Tupelo puts up swimming pool canvas

By Emily Le Coz/NEMS Daily Journal

TUPELO – It’s no wonder the city wants a permanent indoor swimming facility – erecting the winter bubble over its current outdoor pool seems an unusual punishment.
No fewer than 45 people were required to assemble and lift the giant structure over the Rob Leake City Pool on Wednesday – a process involving days of advance preparation and hours of manual labor.
It will stay up until spring.
Heavy sections of the fabric bubble arrived on forklift, were plopped onto the tarped pool like round bales of hay and unfurled by the crew’s biggest and strongest men.
Once unfurled, the sections required a team effort to yank them across the pool’s covered surface. Each person grabbed hold and pulled, some of them getting sucked under the moving fabric and scrambling out quickly before disappearing.
The process repeated for each of the four sections, which had to be lined up and fastened together with tiny wooden pegs, the edges tethered to the ground. Doors were installed and fitted, adjustments made, fabric stretched. And finally the bubble inflated.
It’s an arduous ritual occurring every year when the temperatures dip. The bubble comes down in the spring, but that process requires less labor.
“I hate this day,” said Department of Parks and Recreation Director Seth Gaines.
The staff of the city Parks and Recreation Department, along with Lee County Work Program inmates and Tupelo Municipal Court Work-Release Program participants joined in the effort.
But the bubble’s days are numbered. The 15-year-old cover, which is aging and torn, has about two seasons left before total deterioration, said Parks and Recreation Director Don Lewis.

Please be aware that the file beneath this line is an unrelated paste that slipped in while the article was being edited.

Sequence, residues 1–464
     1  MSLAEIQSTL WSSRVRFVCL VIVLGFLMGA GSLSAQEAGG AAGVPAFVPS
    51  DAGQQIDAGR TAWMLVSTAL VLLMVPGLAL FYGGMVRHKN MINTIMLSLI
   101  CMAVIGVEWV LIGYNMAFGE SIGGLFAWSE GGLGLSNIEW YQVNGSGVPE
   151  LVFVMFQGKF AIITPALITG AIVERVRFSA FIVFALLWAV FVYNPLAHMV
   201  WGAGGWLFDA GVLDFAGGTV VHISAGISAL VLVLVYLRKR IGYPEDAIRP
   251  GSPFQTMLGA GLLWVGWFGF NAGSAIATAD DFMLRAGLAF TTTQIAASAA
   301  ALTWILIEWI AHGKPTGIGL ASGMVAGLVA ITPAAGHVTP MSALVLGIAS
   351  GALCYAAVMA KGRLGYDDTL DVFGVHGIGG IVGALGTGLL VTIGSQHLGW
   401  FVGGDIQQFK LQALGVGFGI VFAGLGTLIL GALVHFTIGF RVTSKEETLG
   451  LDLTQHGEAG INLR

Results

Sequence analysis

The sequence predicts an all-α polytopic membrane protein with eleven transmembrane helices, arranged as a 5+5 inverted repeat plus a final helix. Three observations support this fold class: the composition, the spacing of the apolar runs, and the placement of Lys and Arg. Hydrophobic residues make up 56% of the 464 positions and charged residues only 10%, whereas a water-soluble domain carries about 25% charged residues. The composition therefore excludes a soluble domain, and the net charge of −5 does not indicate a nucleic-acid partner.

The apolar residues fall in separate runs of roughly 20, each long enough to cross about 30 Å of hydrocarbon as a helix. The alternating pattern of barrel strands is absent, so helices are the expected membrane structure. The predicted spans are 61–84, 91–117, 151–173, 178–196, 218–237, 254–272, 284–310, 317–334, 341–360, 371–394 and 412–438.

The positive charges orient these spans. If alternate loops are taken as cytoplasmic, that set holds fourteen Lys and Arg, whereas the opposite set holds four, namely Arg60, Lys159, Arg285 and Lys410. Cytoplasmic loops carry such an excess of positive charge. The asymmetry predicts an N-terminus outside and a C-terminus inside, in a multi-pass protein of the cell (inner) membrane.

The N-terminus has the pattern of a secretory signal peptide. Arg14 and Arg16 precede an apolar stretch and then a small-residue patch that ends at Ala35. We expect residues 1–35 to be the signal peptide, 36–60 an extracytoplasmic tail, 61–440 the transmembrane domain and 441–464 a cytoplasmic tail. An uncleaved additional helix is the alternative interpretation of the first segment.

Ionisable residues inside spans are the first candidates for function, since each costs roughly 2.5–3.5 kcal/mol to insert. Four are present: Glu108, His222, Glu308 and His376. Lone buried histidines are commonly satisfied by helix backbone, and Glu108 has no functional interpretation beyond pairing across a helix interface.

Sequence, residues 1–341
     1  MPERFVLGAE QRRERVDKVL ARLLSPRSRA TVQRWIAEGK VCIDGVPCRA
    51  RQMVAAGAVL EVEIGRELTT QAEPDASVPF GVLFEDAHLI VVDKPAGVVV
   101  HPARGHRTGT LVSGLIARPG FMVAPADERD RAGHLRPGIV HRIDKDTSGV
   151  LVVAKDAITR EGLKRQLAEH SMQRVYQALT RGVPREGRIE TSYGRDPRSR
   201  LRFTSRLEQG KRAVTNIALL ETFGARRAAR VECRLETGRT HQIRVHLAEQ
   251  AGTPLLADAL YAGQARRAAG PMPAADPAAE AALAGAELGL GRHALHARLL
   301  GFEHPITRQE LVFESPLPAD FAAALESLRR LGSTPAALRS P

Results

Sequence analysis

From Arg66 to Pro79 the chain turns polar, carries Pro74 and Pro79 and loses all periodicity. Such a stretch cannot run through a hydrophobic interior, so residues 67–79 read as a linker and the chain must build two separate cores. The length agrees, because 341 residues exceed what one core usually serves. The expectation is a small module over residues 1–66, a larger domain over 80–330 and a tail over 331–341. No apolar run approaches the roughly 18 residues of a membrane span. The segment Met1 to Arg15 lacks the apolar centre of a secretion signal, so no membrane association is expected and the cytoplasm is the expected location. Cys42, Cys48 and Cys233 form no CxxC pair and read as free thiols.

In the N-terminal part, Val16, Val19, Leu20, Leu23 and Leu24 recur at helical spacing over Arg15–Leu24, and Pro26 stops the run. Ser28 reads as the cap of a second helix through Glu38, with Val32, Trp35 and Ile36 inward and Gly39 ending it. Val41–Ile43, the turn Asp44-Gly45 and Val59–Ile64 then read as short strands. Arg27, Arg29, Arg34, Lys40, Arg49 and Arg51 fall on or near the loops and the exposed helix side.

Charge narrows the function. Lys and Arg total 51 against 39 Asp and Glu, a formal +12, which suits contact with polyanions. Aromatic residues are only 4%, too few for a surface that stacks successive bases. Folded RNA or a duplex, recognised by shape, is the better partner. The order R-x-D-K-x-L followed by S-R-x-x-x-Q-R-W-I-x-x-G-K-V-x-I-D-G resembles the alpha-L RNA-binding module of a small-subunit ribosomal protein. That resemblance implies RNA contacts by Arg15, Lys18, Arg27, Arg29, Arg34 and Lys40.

“For a seasonal structure, that’s probably about average” for its life span, said Thomas Schlafly, spokesman for Arizon, the company that manufactured Tupelo’s bubble.
Schlafly said newer products last at least 20 years.
But it will cost three-quarters of a million dollars to replace the bubble, and city officials said they’d rather pursue an entirely new indoor aquatics facility instead.
Plans for that facility could move forward next month if the City Council approves a contract with JBHM Architects. The firm will handle preliminary drawings, site selection and cost estimates.
If approved, the entire project could take 18 months to two years and cost a total of $7 million.
Nearly $1 million would come from a previous bond issue. The rest would come from a new bond, but it wouldn’t require a tax increase.

Contact Emily Le Coz at (662) 678-1588 or emily.lecoz@djournal.com.